Whilst many in the construction industry will no doubt be disappointed with the way 2021 culminated, with supply chain issues, labour shortages and the Omicron variant exacting their toll on sector performance, there are plenty of reasons to be optimistic going into 2022 and beyond.
Every year we put together a bi-annual forecast which offers a vertical-by-vertical snapshot of the construction sector. Published at the end of last year, its key takeaway is an across-the-board rebound with the value of underlying project (under £100m in value), rising 7% this year and a further 5% in 2023.
The figures are being borne out by the findings of our proprietary Indexes and Reviews which, despite poor project start performance, identify a fast growing pipeline of main contract awards and planning approvals in Q.4, indicating plenty of work across the UK in the next 24 months.
Partly, this boost is down to a number of factors from greater public sector investment in critical infrastructure to a boost in civil engineering major project workloads.
What’s clear is there are plenty of opportunities to be had, it’s just knowing the right places to look as, regardless of specialism, the pattern of post-COVID UK construction is evolving at a fast pace.
Construction workloads are already being rebuilt, and the best performing sectors now will vary from those pre-Pandemic. For example, structural changes to social norms are expected to create new opportunities in data centre and logistics construction, as well as office and retail refurbishment and repurposing.
Agile contractors are already seeing new and evolving opportunities with savvy ones investing to strengthen their capabilities and capacity in these niches. This will no doubt be consistent across every region of the UK, in line with the Government’s levelling-up agenda.
However, it won’t be all wine and roses. Although the initial recovery from the Pandemic’s disruption was rapid, supply-side constraints are likely to bite well into the first half of 2022. As such, contractors and subcontractors should seek to identify and mitigate any potential interruption to product material supply, both home and abroad.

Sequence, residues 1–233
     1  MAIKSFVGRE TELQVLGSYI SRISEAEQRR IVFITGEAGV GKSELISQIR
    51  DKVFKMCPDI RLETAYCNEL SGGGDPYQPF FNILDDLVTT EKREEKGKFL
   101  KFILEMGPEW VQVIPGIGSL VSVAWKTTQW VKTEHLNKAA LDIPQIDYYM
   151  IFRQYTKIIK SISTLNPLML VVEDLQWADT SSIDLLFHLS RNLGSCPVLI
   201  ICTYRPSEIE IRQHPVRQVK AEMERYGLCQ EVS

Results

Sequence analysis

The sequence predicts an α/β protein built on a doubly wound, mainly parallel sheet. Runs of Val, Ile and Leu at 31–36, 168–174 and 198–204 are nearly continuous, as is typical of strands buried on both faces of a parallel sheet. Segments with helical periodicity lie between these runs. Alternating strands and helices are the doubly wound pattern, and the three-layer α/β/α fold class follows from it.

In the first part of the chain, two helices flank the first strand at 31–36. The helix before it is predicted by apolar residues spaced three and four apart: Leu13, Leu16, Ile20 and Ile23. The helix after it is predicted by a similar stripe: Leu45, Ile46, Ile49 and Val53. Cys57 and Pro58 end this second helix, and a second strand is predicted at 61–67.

This is also prompting built environment professionals to look at risk mitigation strategies and invest in their business to reduce exposure to external, potentially damaging, events. For instance, the current slow pace of site developments will delay stage payments from clients, and push back late trade timings. Contractors and subcontractors can potentially offset lower monthly revenues by spreading their workforce across a greater number of projects.
It goes hand-in-hand with a desire to reduce waste and maximise efficiency, as the tap of skilled EU labour is turned off, and hybrid work models become the norm. Companies investing in the latest ConTech, Modern Methods of Construction and the latest thinking around on site operating procedures will have the advantage over competitors, especially as the appetite for automation increases.
Ultimately, this leads me to the crucial and pivotal role technology will play in supporting the industry’s gradual revival. Where we once saw reluctance, we now see overwhelming enthusiasm.
Investment in an effective CRM, digital marketing channels and a modernised salesforce, in addition to the range of high-precision on-site innovations, such as Engineering Grade AR, will help firms to rapidly identify and target emerging opportunities. In turn, this will help sustain workloads, cut costs of winning work, improve delivery efficiency and enhance profitability.
So there you have it, the future of UK construction is indeed bright, now we need to realise it.
Allan Wilen, Economic Director, Glenigan
Allan heads up Glenigan’s Economics Unit and has over 30 years’ experience in providing insightful market analysis and forecasts on UK construction and the built environment. Following 20 successful years as Economics Director at the Construction Products Association, Allan joined Glenigan 12 years ago. During this time Allan and his team have helped hundreds of businesses confidently develop their market strategies.
Allan sits on the Consulting Committee on Construction Industry Statistics for the Dept for Business, Energy & Industrial Strategy (BEIS), is a member of a Construction Leadership Council working group and is a guest lecturer in construction at the University of Reading.